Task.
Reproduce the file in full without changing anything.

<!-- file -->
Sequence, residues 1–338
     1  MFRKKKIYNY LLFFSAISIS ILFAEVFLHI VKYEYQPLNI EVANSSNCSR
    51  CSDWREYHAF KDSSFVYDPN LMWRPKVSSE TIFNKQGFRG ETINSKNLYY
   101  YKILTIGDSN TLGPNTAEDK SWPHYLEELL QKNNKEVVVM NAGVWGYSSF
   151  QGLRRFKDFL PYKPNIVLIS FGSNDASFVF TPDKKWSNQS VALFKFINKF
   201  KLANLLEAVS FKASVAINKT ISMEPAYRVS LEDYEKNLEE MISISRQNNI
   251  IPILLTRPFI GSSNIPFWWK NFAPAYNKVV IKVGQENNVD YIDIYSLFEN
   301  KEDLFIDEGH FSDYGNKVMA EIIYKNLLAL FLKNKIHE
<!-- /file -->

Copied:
Sequence, residues 1–338
     1  MFRKKKIYNY LLFFSAISIS ILFAEVFLHI VKYEYQPLNI EVANSSNCSR
    51  CSDWREYHAF KDSSFVYDPN LMWRPKVSSE TIFNKQGFRG ETINSKNLYY
   101  YKILTIGDSN TLGPNTAEDK SWPHYLEELL QKNNKEVVVM NAGVWGYSSF
   151  QGLRRFKDFL PYKPNIVLIS FGSNDASFVF TPDKKWSNQS VALFKFINKF
   201  KLANLLEAVS FKASVAINKT ISMEPAYRVS LEDYEKNLEE MISISRQNNI
   251  IPILLTRPFI GSSNIPFWWK NFAPAYNKVV IKVGQENNVD YIDIYSLFEN
   301  KEDLFIDEGH FSDYGNKVMA EIIYKNLLAL FLKNKIHE